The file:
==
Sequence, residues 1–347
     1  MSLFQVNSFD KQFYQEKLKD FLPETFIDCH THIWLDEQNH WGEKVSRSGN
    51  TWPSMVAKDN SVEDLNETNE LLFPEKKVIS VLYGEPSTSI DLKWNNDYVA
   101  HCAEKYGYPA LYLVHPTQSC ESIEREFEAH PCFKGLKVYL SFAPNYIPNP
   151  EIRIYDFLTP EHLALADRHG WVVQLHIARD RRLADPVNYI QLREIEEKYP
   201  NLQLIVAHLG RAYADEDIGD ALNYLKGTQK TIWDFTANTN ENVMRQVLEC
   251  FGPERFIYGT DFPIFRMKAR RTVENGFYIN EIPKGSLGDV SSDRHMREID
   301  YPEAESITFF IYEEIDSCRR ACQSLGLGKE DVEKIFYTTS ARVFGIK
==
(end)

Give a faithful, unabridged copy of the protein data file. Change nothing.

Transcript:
Sequence, residues 1–347
     1  MSLFQVNSFD KQFYQEKLKD FLPETFIDCH THIWLDEQNH WGEKVSRSGN
    51  TWPSMVAKDN SVEDLNETNE LLFPEKKVIS VLYGEPSTSI DLKWNNDYVA
   101  HCAEKYGYPA LYLVHPTQSC ESIEREFEAH PCFKGLKVYL SFAPNYIPNP
   151  EIRIYDFLTP EHLALADRHG WVVQLHIARD RRLADPVNYI QLREIEEKYP
   201  NLQLIVAHLG RAYADEDIGD ALNYLKGTQK TIWDFTANTN ENVMRQVLEC
   251  FGPERFIYGT DFPIFRMKAR RTVENGFYIN EIPKGSLGDV SSDRHMREID
   301  YPEAESITFF IYEEIDSCRR ACQSLGLGKE DVEKIFYTTS ARVFGIK